Basically, what the DNS server does is to convert your website requests - e.g google.com (with the www. bit in front) - to the numerical value used by the internet (the so called IP address, a series of numbers seperated by dots e.g
When you enter your www. address, your browser first checks to see if the site is mentioned in your Hosts file and, if it is, it can get the IP address from there which is quicker. Otherwise, it uses the DNS server to look up the IP address for the site you want. This is a simplified version of course - you also have cache etc involved, but for a basic explanation, it is OK.

The Hosts file usually doesn't contain much - in most cases it will be just a very simple entry or two. You should have localhost

or something similar. Nothing else should be there as a rule - so if you see other entries, let me know.


30-04-2010, 9:57 AM

I'm using Windows Vista.

The IP and DNS are both on "Obtain automatically" (so I haven't touched them), the second box of each is empty.

As for the Hosts file, I have the following listed: localhost
::1 localhost www.british-genealogy.com

I put the Brit-Gen listing in there due to having trouble getting on here.

30-04-2010, 10:12 AM
OK, at least that seems fine. The localhost entries (the first is IPv4, the second IPv6, but you don't need to worry about that!) are perfectly normal. The IP for Brit-Gen was because of the access issues the other day - again, no problem.

The only other easy thing I can suggest for now is to update your AV program and re-run both that and your Malwarebytes to see if they can find an issue. There could be something still left behind.

It is worth just keeping an eye on when the problem occurs - some DNS servers will direct you to a page which can include "offers" etc if the website you are looking for is not available for some reason. However, those sites usually state that they are being displayed because the website you requested was not available.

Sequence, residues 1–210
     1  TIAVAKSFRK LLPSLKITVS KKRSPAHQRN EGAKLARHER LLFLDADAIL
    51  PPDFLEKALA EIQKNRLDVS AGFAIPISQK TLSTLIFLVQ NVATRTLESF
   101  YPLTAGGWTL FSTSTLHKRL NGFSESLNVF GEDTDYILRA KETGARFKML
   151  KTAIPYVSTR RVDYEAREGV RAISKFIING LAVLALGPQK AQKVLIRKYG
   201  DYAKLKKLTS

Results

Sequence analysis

30-04-2010, 10:15 AM
some DNS servers will direct you to a page which can include "offers" etc if the website you are looking for is not available for some reason. However, those sites usually state that they are being displayed because the website you requested was not available.

That's exactly what seems to be happening, I thought that the standard "Page 404 not found" would be displayed though?

30-04-2010, 10:42 AM
Ah, it varies, depending on how your ISP has set up the DNS server and other factors. They may have decided to earn some cash by popping up ads on the "Page Not Found" page - amazingly, some folks do actually click on ads which appear on their screen. You could use another DNS server, but these things are going to happen (unless you are really, really keen and actually decide to set up your own DNS server...!)
A 404 error would be displayed for example if you tried to go to a page on my server which doesn't exist - my server would send that. But if you mistyped the address for my server, then the reply will come from your ISPs DNS server.

Try this -

My server is at www.kernowyon.co.uk
There isn't a page at www.kernowyon.co.uk/nothing

If you go to the /nothing page, you should get a 404 error

Now, if you had mis-spelled my address and plonked in -


you should get whatever your DNS server decides to send you. In my case, it was

Address Not Found

www.kernoyon.co.uk could not be found. Please check the name and try again.
The browser could not find the host server for the provided address.

* Did you make a mistake when typing the domain? (e.g. "ww.mozilla.org" instead of


* Are you certain this domain address exists? Its registration may have expired.

* Are you unable to browse other sites? Check your network connection and DNS server settings.

* Is your computer or network protected by a firewall or proxy? Incorrect settings can interfere with Web browsing.

30-04-2010, 10:52 AM
When I clicked on www.kernoyon.co.uk, I got:

"Oops! Internet Explorer could not find www.kernoyon.co.uk
•Go to www.*kernowyon.*co.*uk
•Go to kernowyon.*com
•Go to www.*kernowyon.*org.*uk
•Search on Google:"

In this morning's case, I searched Google for 32 inch tvs and tried to click a link to Amazon, which is where the page diverted, however I found Amazon on my favourites list and the page opened as normal when I searched for 32 inch tvs.

My computer is protected by Windows firewall.

30-04-2010, 11:43 AM
Have you tried clearing your cache? It is possible that whilst your PC was infected you were being redirected to other sites when attempting to access a site. If we say that perhaps you tried to access Amazon whilst you had the problem, then you would be sent to some dodgy site or other and that would be cached as the Amazon site perhaps. Then, once the problem was removed, you attempt to go to Amazon, and your computer looks in the cache, finds "Amazon" (the dodgy site version) and uses that as the site.

Clear the Internet cache and see if that sorts things. That is under the tools menu on your Internet Explorer browser. Look for Internet Options, then under the General Tab, locate Temporary Internet Files and click the Delete Files button.


30-04-2010, 12:38 PM
Thanks Mark,

I've done that now and will let you know if the problem persists.